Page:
Michael Rosenthal

RING PASS: Ward vs. Abraham

MEET THE FIGHTERS

ANDRE WARD

THE ESSENTIALS

Age: 27

Height / reach: 6-1 (185cm) / 73 (185cm)

Hometown: Oakland, Calif.

Nickname: S.O.G.

Turned pro: 2004

Record: 23-0 (13 knockouts)

Trainer: Virgil Hunter

Fight-by-fight: Click here

The Ring rating: No. 1 super middleweight; No. 9 pound for pound

Titles: WBA super middleweight (2009-present)

Biggest victories: Edison Miranda, May 16, 2009, UD 12; Mikkel Kessler, Nov. 21, 2009, TD 11 (won title; Super Six tournament); Allen Green, June 19, 2010, UD 12; Sakio Bika, Nov. 27, 2010, UD 12.

Losses: None

Biography: Andre Ward has been a student of boxing from the first time he laced on a pair of gloves at age eight.

Inspired by his father Frank Ward, a former heavyweight boxer, Ward laced on his first pair of gloves at age eight and sought to learn every aspect of his craft.

Lessons came from his trainer, god father Virgil Hunter, and from the experiences of his first amateur bouts. The native of California’s Bay Area proved to be a quick learner as well as an exceptional athlete and fierce competitor.

Under Hunter’s guidance, Ward compiled a 115-5 amateur record, winning numerous national titles en route to a gold medal in the 2004 Olympic Games in Athens, Greece. Ward, who competed in the 178-pound division, became the first American Olympic champ since David Reid won gold in the 1996 Games.

Despite obvious skill and considerable talent, Ward began his pro career under a cloud of skepticism. Many observers wondered if the ultra-fast sharp shooter was tough enough to make it to the elite level of the sport.

The doubts were caused by two fights that occurred during the first 12 months of Ward’s pro tenure: his second bout against Kenny Kost and his seventh bout against Darnell Boone.

Against Kost, in February of 2005, Ward was wobbled by a left hook in the second round of the nationally televised fight. It was the only moment the undefeated (8-0) Minnesotan had during the six-round bout but it raised questions about Ward’s chin.

Against Boone, in November of 2005, Ward was dropped by a right uppercut in the final minute of the fourth round. Ward was visibly stunned by the punch but he got up and survived to the bell. Ward held off the rugged and awkward journeyman’s rushes over the next two rounds to secure a close unanimous decision but instead of noting the composure and character he showed in the face of adversity many boxing writers predicted that it was only a matter of time until the Oakland resident’s chin failed him during a fight.

The critics could not have been more wrong.

Ward continued to learn from his mistakes and improve his technique and style over the next three years, but despite running his record to 17-0 by the end of 2008, new criticism arose.

Boxing writers asked why Ward, the last American to win an Olympic gold medal, was still fighting in developmental bouts at a point in his career when previous U.S. Olympic champs, such as Reid and Oscar De La Hoya, had already won world titles.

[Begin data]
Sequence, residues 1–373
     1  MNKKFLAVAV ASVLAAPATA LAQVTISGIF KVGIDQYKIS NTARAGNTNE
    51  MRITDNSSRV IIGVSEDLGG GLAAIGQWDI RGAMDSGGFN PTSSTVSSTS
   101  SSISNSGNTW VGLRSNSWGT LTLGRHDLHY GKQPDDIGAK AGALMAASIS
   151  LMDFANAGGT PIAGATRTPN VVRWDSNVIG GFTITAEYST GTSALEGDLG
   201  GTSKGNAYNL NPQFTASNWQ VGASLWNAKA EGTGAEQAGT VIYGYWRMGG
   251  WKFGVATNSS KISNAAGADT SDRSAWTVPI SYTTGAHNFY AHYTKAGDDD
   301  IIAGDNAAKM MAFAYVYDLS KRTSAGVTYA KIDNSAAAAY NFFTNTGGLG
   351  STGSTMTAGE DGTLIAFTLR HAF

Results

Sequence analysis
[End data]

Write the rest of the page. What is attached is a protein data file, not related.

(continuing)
Hunter told the media that the “fast track” sometimes works out for talented fighters, as it did with De La Hoya, and sometimes it ruins them, as it did Reid, who was considered a shot fighter before his 20th pro bout. He promised to step up Ward’s competition when it was time.

That time came in May of 2009 when Ward faced former title challenger Edison Miranda, a hard punching Colombian veteran whose only losses at the time were to Arthur Abraham and Kelly Pavlik. Ward sustained a bad cut over his left eye in the first round but still controlled his powerful opponent throughout the first 12-round bout of his career.

Ward was beginning to win over some his doubters but he still entered Showtime’s Super Six World Boxing Classic as a dark horse in late 2009. He was viewed as a talented prospect but woefully inexperienced in comparison to the tournament favorites, Mikkel Kessler, who would be his opening round opponent, and Abraham.

Ward obliterated all doubts about his potential and his chances in the tournament by dominating Kessler to an 11-round technical decision in front of a hometown audience in November of 2009. Kessler, a talented Danish titleholder who had lost only once in 43 pro bouts — a competitive decision to Joe Calzaghe — was outclassed from the opening bell.

With one fight Ward won a world title, vaulted to the top of the media’s super middleweight rankings, and became the instant favorite to win the Super Six. His dominating second round victory over Allan Green and non-tournament decision over Sakio Bika has enhanced his reputation as the man to beat in the Super Six and enabled him to crack THE RING’s pound-for-pound rankings.

Ward is the overwhelming favorite to beat Abraham in their semifinal bout on May 14 in Carson, Calif., but don’t expect the 27-year-old titleholder to underestimate the dangerous veteran.

Ward knows what it’s like to be doubted and he expects an inspired former middleweight beltholder to bring his best to the ring on Saturday. That’s OK with the consummate student of the game, who even now, strives to improve with every outing.

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